There were other Cromwell families in England, as acceptable as any of the Hinchinbrook line, albeit less renowned, among which we may, perhaps, discover the progenitor of the Cromwells of Maryland. One possibility is a Cromwell family residing in Wiltshire during the seventeenth century that duplicates several certain given names found in the Maryland Cromwell family.
The latter settled in Maryland prior to 1670. At least, two members of this family, William and John Cromwell, were in Maryland before that year, it is certain. The other two members, Richard and Edith Cromwell, arrived a few years later, perhaps. At any rate, the earliest mention of them in the provincial records is of a later date. We know that William, John, and Richard were brothers, and Edith was their sister.
2. Thomas also served in the Royalist Army. He was fined for his ‘delinquency’ and died soon afterwards. Possibly he was a partner of Samuel Scullard, grantee of Hampton and Newbury, 1642. A Thomas Cromwell was a ship captain in Barbados and Boston, but this is probably another person.
24 Feb., 1638 – Thomas Cromwell, with Samuel Scullard, John and Robert Pike (son-in-law of Joseph MOYCE), and Nicholas Holt, was fined for non-attendance at Newbury town meeting.
6 Aug., 1638 – Thomas Cromwell is mentioned on Newbury town records.29 In the division of the New bury ox-common, 12 March, 1641-2, the name of Thomas Cromwell appears, followed by those of Samuel Scullard and Richard Kent, senior.
7 Dec 1642 – Thomas Cromwell appears among the proprietors of Newbury.
Thomas probably died at Newbury in 1645. On 29 Sept., 1646 the will of “Thomas Croomwell” was brought in to the Ipswich court to be proved. “Giles Croomwell” objected to it, and the court ordered Mr. John Lowle [our ancestor John LOWELL]and Mr. Edw: Woodman [also our ancestor Edward WOODMAN] to take an inventory of the estate.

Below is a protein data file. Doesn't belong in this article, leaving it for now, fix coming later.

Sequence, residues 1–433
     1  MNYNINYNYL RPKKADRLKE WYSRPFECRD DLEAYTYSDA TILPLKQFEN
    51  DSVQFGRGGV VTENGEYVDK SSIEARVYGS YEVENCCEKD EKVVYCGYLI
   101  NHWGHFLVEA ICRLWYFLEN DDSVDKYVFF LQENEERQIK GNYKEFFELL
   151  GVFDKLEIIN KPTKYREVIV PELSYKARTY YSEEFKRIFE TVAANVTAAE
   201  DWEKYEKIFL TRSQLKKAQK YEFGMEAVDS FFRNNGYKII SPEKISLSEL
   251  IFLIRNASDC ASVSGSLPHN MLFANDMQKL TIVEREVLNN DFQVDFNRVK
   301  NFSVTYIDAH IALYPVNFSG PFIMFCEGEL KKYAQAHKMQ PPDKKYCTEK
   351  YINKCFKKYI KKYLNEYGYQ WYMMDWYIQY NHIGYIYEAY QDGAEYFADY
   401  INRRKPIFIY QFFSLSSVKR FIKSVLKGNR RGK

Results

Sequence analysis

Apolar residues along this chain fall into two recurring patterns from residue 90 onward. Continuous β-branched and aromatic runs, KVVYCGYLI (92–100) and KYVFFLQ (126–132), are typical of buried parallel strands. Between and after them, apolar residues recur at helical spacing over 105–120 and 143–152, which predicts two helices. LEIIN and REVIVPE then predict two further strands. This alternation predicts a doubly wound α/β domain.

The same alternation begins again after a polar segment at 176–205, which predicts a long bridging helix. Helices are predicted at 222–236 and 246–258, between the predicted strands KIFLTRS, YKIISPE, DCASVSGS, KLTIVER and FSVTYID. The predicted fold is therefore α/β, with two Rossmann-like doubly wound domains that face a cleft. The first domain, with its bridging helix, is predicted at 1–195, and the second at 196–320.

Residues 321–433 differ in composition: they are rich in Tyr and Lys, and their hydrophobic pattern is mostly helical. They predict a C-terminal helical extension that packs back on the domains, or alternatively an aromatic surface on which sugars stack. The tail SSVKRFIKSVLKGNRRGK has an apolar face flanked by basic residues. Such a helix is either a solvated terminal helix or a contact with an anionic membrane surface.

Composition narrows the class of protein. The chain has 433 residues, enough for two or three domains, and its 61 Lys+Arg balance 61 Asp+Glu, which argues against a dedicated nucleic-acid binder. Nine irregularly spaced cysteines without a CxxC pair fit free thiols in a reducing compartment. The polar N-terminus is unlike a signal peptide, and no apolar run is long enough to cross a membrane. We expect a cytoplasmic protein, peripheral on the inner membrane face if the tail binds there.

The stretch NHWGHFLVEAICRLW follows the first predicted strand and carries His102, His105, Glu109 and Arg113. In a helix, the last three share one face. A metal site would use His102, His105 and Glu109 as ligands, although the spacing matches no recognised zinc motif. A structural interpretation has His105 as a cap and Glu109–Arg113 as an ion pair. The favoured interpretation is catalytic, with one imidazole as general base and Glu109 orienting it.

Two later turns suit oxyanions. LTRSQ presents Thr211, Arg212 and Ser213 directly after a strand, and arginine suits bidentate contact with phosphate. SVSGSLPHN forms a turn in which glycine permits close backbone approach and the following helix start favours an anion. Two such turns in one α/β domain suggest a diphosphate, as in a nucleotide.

6 Aug., 1647, the Salem court addressed Mr. Woodman, saying “that the Ipswich court ordered Mr. John Lowle and himself to take into custody the goods of Thomas Cromlom of Newbury deceased that were in the hands of Samuel Scullard, deceased”. Not having done so they are now ordered to answer next court.
29 Sept 1646 – Giles objected to his brother’s will.
The will of “Thomas Croomwell” was brought in to the Ipswich court to be proved. “Giles Croomwell” objected to it, and the court ordered Mr. John Lowle and Mr. Edw: Woodman to take an inventory of the estate. 6 Aug., 1647, the Salem court addressed Mr. Woodman, saying “that the Ipswich court ordered Mr. John Lowle and himself to take into custody the goods of Thomas Cromlom of Newbury deceased that were in the hands of Samuel Scullard, deceased”. Not having done so they are now ordered to answer next court.